Spotlight on the TASIS Faculty
Faculty excellence is the core of the TASIS experience. Our student writers have interviewed some of the many exceptional teachers at TASIS, and we look forward to adding more faculty features soon.
Shu Ye '18 interviewed High School English Teacher and Associate Dean Mr. Peter Locke, who began teaching at TASIS in 2010 and now also coordinates the School's Senior Humanities and Advanced Placement programs. (Editor's Note: Mr. Locke returned to the United States in 2019.)
When did you start at TASIS, what subject do you teach, and what else are you involved with at the School?
I started at TASIS in 2010. I teach IB English, am the Associate Dean for the High School, and coordinate the Senior Humanities Program and the Advanced Placement program. I also work with the High School Academic Team and the new faculty, and I am a Duty Administrator and the Varsity Tennis coach.
Can you please describe your educational background and your career in education prior to TASIS?
I went to a boarding school called The Hotchkiss School in Connecticut when I was younger, and that is part of the reason why I am here at TASIS now, in the sense that I was inspired to work in a boarding school as a result of that experience. I earned a degree in English from Washington and Lee University, and I also have a graduate degree from Teachers College Columbia University in Private School Leadership.
I worked at Hotchkiss for a year as an intern, and that was actually my first job. I was really new to teaching. I then spent two years at Culver Academy, which is a military school in Indiana. After two years in Indiana, I came to TASIS, and I've been here ever since.
How would you describe your teaching philosophy?
I was really inspired by a professor of mine in graduate school named Kevin Mattingly. He advocated to "Find out what your students know, find out what they care about, and plan your teaching from there." That approach allows me to get to know individual students; it implies some investigation on the part of the teacher, which I really like; and it allows me to create, not necessarily a customized, but a personalized plan for how I am going to approach a class or a group of students. Also, I believe that teachers have to enjoy being with students, and if you do not like that, you are in the wrong business.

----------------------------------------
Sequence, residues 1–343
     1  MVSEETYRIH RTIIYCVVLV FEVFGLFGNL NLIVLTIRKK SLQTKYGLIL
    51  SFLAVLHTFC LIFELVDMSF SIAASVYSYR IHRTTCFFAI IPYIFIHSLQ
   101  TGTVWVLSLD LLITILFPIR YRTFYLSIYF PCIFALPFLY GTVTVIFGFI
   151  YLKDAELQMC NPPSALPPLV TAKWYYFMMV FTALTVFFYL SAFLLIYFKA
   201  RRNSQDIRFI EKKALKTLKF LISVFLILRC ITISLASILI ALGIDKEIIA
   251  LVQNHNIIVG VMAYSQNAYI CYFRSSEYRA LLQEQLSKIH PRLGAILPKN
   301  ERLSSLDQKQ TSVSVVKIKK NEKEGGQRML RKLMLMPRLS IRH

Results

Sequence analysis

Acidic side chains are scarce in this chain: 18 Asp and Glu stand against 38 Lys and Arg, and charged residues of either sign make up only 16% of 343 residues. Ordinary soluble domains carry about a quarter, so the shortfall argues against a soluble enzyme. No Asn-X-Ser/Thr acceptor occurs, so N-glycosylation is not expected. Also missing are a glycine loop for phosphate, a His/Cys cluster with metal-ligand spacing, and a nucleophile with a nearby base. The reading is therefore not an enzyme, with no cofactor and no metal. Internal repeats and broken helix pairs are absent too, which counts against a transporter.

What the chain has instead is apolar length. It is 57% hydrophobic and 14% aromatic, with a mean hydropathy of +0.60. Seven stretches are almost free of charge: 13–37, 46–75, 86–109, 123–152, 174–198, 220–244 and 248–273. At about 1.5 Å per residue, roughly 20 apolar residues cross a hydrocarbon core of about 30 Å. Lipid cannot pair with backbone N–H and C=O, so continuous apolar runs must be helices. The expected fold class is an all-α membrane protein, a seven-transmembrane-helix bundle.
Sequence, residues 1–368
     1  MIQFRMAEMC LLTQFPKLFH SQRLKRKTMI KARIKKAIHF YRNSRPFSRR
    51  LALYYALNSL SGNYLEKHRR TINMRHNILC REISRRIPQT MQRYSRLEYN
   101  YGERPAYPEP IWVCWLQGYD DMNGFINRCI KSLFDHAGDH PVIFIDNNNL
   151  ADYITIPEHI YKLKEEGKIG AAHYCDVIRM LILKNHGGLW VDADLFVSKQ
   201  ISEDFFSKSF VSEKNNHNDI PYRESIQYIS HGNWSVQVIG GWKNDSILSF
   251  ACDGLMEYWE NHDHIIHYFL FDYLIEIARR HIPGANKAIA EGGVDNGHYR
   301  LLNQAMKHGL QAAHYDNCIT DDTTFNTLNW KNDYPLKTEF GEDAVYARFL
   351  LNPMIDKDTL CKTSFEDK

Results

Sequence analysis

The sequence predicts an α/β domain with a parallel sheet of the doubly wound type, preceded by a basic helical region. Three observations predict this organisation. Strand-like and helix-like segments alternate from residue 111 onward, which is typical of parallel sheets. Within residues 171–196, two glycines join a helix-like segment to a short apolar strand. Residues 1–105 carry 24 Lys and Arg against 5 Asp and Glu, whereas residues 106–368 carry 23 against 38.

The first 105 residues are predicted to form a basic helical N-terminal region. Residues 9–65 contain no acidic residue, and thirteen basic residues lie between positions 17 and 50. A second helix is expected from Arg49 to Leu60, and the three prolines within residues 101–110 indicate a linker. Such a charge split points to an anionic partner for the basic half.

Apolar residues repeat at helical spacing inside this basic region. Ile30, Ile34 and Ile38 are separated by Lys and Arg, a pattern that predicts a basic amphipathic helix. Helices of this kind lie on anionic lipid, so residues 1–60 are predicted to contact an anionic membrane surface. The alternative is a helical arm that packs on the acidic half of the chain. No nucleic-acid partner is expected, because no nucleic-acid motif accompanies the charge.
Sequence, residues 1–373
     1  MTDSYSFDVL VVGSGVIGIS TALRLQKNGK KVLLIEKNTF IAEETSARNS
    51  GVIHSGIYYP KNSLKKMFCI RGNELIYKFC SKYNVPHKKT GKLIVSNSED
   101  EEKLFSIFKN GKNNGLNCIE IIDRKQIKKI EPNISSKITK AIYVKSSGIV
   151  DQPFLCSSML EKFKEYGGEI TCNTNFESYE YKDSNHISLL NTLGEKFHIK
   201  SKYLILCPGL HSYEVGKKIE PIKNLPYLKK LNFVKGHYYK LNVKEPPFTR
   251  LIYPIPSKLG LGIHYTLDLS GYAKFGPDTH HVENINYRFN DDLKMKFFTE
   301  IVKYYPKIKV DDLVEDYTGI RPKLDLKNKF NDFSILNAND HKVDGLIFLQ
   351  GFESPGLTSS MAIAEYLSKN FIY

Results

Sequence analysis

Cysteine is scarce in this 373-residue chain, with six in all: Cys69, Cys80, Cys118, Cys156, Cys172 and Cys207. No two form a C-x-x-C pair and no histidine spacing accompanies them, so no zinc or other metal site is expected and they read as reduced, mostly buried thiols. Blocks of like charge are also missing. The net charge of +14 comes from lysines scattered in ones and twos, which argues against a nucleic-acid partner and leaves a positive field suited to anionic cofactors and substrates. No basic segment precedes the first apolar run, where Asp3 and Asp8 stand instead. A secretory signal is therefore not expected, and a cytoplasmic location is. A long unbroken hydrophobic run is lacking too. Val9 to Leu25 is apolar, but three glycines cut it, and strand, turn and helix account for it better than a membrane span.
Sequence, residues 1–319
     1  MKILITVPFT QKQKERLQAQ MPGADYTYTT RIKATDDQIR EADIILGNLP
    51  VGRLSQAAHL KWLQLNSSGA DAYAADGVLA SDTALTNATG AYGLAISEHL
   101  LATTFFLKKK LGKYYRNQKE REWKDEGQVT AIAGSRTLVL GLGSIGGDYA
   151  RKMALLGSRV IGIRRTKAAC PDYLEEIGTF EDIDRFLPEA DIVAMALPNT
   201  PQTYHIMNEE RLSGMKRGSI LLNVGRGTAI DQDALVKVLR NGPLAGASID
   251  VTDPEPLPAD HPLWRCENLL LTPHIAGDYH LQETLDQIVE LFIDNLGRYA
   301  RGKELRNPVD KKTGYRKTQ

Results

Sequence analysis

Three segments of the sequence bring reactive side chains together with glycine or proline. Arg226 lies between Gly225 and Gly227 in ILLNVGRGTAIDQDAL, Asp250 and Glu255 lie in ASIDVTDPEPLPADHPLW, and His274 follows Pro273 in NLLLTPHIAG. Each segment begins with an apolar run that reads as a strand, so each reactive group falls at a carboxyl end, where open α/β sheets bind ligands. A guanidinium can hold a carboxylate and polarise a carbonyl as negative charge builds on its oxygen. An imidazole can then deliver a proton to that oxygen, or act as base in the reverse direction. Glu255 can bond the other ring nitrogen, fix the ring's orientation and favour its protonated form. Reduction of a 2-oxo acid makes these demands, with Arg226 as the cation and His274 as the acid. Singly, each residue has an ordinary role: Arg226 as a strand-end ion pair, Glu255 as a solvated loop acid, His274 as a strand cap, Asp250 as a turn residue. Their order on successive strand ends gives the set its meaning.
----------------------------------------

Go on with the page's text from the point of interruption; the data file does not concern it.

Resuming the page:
What do you like most about working at TASIS?
I like being around teenagers; they are funny to me. This is probably the most PR answer you should put up on the website, but I like the international environment at TASIS; I like the atmosphere that results from having students come from all over the world.
"Another thing that I really enjoy about TASIS is the spirit that we are doing something new here."
Another thing that I really enjoy about TASIS is the spirit that we are doing something new here. I like the idea that Mrs. Fleming used to build this school: "From the ground up, on the fly, without necessarily 25 years strategic plan in mind." She took students on Ski Week because there was no heat in De Nobili. There are a lot of things like that that live on in this school. We are trying to make it work while it's going on, and that makes for a really challenging atmosphere. I like it because it is filled with energy and filled with opportunities for newness and for change. It is a really dynamic place.
Can you please recommend two books and explain why you like them?
As an English teacher, this is a really challenging question because whatever two books I select will show who I am as a person and as a teacher, so lots of my identity and ego is at risk. I will recommend two favorite books that have personal connection to me. One is the book called A Confederacy of Dunces by John Kennedy Toole. The main character, Ignatius Reilly, is absurd. I like how Toole uses the city of New Orleans as a character. The meaningful part about it to me is that it is my uncle's favorite book, and my uncle has given me books, only, for every Christmas since I was a baby. He made me become interested in reading and probably had a part in why I teach literature. This book is his favorite book, and I really enjoy that. The book was also published posthumously, so it is one of the books that would have been lost to the world if it hadn't been published by the author's mother. I think about family when I think about that book. It's also incredibly funny.
Another book that I would recommend is called The Boat Who Wouldn't Float, which is written by Farley Mowat. I like humorous writing, and his adventure with this boat is hilarious He keeps sinking, and things keep going wrong. This is a funny story of how people deal with adverse situations. The personal connection is that my father, in his infinite wisdom, read it to my mother while she was giving birth to me to keep her laughing through the pain. Technically, it is the first book I ever heard, so it is very special to me. The book is pretty short, but it is unbelievably funny.
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